An investment fund melt-down in 1994 led to the criminal prosecution of County of Orange treasurer Robert Citron. The county lost at least $1.5 billion through high-risk investments in derivatives. On December 6, 1994, the County of Orange declared Chapter 9 bankruptcy, from which it emerged in June 1995. The Orange County bankruptcy was the largest municipal bankruptcy in U.S. history.

In recent years land-use conflicts have arisen between established areas in the north and less developed areas in the south. These conflicts have regarded things such as construction of new toll roads and the re-purposing of a decommissioned air base. For example, the El Toro Marine Corps Air Station site was designated by a voter measure in 1994 to be developed into an international airport to alleviate the heavily used John Wayne Airport. But subsequent voter initiatives and court actions have caused the airport plan to be permanently shelved. Instead it will become the Orange County Great Park.

Geography

According to the U.S. Census Bureau, the county has a total area of 2,455 km2 (948 sq mi), making it the smallest county in Southern California. Surface water accounts for 411 km2 (159 sq mi) of the area, 16.73% of the total; 2,044 km2 (789 sq mi) of it is land. The average annual temperature is about 68 °F (20 °C). Despite its small size as a county, Orange County's total area in square miles is actually just smaller than the State of Rhode Island's land area.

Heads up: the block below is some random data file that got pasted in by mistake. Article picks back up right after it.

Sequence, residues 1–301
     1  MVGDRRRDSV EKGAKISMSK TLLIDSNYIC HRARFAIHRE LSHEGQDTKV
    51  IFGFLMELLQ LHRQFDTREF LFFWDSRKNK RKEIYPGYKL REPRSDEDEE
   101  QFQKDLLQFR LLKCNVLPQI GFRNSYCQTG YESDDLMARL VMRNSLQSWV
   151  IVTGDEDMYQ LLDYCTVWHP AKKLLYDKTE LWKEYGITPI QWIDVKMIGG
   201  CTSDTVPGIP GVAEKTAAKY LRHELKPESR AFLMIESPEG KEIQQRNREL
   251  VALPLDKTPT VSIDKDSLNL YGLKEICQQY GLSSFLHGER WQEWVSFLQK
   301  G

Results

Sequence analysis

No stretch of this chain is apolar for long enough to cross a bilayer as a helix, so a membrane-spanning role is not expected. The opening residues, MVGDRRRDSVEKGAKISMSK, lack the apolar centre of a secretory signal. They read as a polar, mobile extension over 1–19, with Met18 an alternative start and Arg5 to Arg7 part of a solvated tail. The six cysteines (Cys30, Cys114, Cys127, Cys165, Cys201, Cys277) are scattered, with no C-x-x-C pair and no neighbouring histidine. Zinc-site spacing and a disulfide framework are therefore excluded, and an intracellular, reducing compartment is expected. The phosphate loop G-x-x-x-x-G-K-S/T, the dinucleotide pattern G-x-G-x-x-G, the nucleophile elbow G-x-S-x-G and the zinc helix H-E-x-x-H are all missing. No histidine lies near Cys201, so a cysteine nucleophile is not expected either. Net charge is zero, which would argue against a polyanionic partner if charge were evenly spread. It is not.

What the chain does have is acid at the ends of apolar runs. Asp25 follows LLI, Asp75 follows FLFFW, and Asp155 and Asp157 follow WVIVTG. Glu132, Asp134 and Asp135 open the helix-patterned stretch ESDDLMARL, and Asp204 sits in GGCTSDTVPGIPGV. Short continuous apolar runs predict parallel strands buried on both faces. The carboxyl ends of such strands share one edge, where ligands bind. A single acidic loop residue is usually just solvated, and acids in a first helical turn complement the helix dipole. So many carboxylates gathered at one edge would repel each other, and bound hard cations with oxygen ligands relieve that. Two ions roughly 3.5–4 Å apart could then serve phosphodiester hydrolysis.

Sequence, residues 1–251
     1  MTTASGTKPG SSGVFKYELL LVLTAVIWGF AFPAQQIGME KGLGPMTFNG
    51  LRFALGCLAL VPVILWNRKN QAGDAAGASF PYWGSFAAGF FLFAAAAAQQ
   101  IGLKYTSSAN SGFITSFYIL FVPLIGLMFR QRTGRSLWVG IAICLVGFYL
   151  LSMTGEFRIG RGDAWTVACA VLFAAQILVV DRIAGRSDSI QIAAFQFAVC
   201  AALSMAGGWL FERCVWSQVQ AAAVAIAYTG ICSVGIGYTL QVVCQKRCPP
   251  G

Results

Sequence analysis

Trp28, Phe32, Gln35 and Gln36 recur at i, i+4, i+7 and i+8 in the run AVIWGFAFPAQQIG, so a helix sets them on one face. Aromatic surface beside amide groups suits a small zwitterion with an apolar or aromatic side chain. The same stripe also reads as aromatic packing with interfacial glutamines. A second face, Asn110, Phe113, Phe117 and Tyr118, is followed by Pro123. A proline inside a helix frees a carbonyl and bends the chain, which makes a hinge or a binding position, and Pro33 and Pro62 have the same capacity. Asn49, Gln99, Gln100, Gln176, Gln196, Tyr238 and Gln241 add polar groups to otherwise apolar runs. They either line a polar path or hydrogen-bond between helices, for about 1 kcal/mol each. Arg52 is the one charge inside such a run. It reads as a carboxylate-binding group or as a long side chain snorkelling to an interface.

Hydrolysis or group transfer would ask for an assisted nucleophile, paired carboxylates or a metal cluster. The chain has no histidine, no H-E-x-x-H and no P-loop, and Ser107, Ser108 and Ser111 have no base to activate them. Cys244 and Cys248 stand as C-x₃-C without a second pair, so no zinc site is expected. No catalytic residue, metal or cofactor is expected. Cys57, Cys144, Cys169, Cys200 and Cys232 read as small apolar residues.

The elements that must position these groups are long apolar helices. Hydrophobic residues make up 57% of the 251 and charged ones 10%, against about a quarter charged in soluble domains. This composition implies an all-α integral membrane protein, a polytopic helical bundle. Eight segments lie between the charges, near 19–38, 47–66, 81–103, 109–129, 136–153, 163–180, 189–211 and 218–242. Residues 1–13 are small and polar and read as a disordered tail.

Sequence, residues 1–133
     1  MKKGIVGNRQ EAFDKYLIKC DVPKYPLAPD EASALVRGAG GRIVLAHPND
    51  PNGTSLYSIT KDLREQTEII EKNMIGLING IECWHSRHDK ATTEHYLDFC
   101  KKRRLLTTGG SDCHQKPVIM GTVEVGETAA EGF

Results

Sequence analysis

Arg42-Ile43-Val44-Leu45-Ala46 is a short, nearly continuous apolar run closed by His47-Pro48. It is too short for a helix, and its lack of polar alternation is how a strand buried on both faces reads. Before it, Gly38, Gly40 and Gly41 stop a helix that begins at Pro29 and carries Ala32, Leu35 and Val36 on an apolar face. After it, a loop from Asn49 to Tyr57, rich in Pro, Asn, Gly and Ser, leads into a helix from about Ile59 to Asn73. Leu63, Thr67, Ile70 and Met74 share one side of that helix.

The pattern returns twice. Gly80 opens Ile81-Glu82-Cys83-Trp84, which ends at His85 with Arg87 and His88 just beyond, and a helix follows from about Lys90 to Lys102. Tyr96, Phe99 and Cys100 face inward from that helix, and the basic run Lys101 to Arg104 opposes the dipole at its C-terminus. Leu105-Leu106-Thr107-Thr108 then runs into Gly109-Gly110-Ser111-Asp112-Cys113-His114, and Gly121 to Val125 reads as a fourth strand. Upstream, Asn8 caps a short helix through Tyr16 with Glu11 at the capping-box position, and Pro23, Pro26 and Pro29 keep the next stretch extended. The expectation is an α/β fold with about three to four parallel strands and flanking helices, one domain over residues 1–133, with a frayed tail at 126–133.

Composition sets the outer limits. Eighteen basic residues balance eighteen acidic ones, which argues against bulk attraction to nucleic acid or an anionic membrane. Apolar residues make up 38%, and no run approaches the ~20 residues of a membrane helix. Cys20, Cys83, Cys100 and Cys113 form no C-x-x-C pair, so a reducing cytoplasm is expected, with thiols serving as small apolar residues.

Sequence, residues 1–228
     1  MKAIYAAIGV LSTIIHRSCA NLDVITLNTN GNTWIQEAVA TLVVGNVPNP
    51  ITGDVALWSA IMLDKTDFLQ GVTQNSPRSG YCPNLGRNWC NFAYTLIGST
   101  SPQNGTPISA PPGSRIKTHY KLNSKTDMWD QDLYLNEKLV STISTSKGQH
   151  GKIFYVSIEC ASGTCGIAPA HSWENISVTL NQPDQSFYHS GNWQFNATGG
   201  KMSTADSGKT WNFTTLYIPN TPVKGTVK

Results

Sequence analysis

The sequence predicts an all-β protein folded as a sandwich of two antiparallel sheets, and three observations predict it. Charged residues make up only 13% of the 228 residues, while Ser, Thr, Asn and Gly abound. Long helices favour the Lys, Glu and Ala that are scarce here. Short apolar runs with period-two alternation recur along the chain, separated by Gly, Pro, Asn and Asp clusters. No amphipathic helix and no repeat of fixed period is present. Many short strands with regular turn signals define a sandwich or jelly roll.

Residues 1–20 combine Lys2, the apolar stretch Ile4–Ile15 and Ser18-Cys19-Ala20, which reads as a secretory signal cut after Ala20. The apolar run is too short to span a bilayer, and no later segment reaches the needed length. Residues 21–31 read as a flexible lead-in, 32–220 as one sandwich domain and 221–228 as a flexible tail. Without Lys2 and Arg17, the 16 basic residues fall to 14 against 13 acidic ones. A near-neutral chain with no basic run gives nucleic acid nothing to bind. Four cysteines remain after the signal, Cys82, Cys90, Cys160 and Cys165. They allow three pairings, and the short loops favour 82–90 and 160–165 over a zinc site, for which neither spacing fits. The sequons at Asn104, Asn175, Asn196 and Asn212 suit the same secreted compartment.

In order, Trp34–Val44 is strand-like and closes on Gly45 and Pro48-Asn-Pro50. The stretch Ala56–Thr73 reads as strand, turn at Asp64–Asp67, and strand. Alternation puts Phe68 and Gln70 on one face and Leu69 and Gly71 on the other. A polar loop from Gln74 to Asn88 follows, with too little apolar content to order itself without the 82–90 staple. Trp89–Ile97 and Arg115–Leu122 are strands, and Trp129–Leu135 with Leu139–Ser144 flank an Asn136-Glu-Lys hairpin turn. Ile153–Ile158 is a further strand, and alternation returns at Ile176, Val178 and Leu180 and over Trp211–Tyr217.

Orange County is bordered on the southwest by the Pacific Ocean, on the north by Los Angeles County, on the northeast by San Bernardino County and Riverside County, and on the southeast by San Diego County.

View of the Santa Ana Mountains from Newport Bay

View of the Santa Ana Mountains from Newport Bay

The northwestern part of the county lies on the coastal plain of the Los Angeles Basin, while the southeastern end rises into the foothills of the Santa Ana Mountains. Most of Orange County's population reside in one of two shallow coastal valleys that lie in the basin, the Santa Ana Valley and the Saddleback Valley. The Santa Ana Mountains lie within the eastern boundaries of the county and of the Cleveland National Forest. The high point is Santiago Peak (5,689 feet (1,734 m)), about 20 mi (32 km) east of Santa Ana. Santiago Peak and nearby Modjeska Peak, just 200 feet (60 m) shorter, form a ridge known as Saddleback, visible from almost everywhere in the county. The Peralta Hills extend westward from the Santa Ana Mountains through the communities of Anaheim Hills, Orange, and ending in Olive. The Loma Ridge is another prominent feature, running parallel to the Santa Ana Mountains through the central part of the county, separated from the taller mountains to the east by Santiago Canyon.

The Santa Ana River is the county's principal watercourse, flowing through the middle of the county from northeast to southwest. Its major tributary to the south and east is Santiago Creek. Other watercourses within the county include Aliso Creek, San Juan Creek, and Horsethief Creek. In the North, the San Gabriel River also briefly crosses into Orange County and exits into the Pacific on the Los Angeles-Orange County line between the cities of Long Beach and Seal Beach. Laguna Beach is home to the county's only natural lakes, Laguna Lakes, which are formed by water rising up against an underground fault.